"Shootin' The Bull" Weekly Analysis...

For the week ending April 19, 2024


In my opinion, the triangular formation continues to unfold.  The fundamentals to increase beef production are believed well in place now with evidence being sharply lower in our beef cattle herd, yet only down 3.2% year over year in beef production.  I am fully aware of the other side of the argument being, "but wait until the expansion starts".  Well, expansion has been planned on for over a year now with this summer being the most likely time to make those decisions.  Recall a couple of months ago, I stated that a lateral move in production would be more likely than expanding or liquidating further.  That appears the case as multiple disbursement sales have been made, and many continue to tout they are expanding.  These two factors appear to be creating the lateral move.  I continue to believe expansion won't take place for a couple more years and by that time, the alternative beef production factors will be cemented into US beef consumption.  Why won't expansion take place?  Two reasons.  One, the continual limitations placed on production will make everything, in every sector, more expensive.  If carbon credit, you will have to raise fewer cattle on more land, own more land not in production, or buy those credits. If it is water, then there is no telling what may come from that.  The second will be money, the cost of, and the Fed's ability to control inflation.  Expanding in this inflationary time frame suggests in order to profit, the inflation needs to continue. If a deflationary time frame materializes, then everything bought during the inflation will be worth less. Lastly, I think the next couple of years will help to produce a much more efficient line of production as those who do not manage risk, or input costs, will most likely fall to the wayside, while those who are committed cattle producers will grow as the others subside.  One other instance on the cost of money, with the cost being so high, it suggests that return on capital should be explored.  As in, the less than a hundred dollar per head return on an over $2,000.00 investment, suggests a very low return on capital.  Especially for the work and risk required.  The 5% return on investment capital raising cattle can be equaled if placed on deposit with little to no risk, and no work. So, consider that while cattle prices are so high.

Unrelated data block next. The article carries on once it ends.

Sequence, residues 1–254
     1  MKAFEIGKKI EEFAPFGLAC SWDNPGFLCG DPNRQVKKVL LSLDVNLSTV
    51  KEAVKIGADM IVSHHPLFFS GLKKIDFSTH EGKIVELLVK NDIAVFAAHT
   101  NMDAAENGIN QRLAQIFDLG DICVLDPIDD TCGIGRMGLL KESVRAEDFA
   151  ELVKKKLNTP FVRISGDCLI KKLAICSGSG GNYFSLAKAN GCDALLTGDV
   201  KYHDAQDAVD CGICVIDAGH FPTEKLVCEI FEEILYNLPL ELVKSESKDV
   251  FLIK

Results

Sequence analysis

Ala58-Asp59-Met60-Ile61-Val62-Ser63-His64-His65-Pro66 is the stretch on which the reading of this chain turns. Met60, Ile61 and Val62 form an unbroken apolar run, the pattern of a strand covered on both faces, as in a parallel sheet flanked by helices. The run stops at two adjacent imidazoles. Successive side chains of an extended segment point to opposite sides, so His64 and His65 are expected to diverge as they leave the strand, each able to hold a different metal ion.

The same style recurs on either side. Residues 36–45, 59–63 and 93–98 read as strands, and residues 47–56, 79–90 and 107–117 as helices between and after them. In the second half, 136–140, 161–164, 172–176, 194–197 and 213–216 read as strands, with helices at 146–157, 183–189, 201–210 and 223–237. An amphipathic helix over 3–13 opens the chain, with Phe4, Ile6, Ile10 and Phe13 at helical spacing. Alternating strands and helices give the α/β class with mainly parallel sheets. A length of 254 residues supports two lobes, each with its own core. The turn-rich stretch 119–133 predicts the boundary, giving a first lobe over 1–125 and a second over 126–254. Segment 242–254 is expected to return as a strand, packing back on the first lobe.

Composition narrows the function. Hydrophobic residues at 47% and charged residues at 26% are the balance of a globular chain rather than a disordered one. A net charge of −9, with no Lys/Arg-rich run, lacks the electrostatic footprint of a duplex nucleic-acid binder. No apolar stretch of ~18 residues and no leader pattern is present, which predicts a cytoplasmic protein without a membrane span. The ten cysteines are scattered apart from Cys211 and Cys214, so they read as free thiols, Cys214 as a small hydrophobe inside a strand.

Today's on feed number is interesting with 11.82 million head on feed, approximately 1 % more when March of '23 had 11.64. Today's price of April futures is $181.47 and last year, with fewer cattle on feed was $175.42.  That is a pretty distinct difference in price with more numbers.  Feeder cattle futures have made the most interesting move of all.  While the collapse of open interest in the fat market suggests no interest in the market, the slamming shut of the basis in feeder cattle has caused a great deal of price fluctuation to work with.  This convergence has closed a few doors to the backgrounders marketing feeder cattle, but opened a great deal more for those procuring them.  Basis breathes in and out and produces opportunities when diverging, as well as when converging.  The favor now falls to the cattle feeder where he can buy cattle in the near-term at the same levels of cash today as futures, or at a minimum, a significantly narrower basis in comparison to just three weeks ago to the August and out months.  With the most recent price action, both buyers and sellers are seemingly a little more equal in prices traded. Before, the advantage was firmly to the backgrounder as futures traders provided them with immense premiums to market into that have never been traded.  I think you should read that last sentence again so you may be more prepared were a like marketing opportunity were to be presented.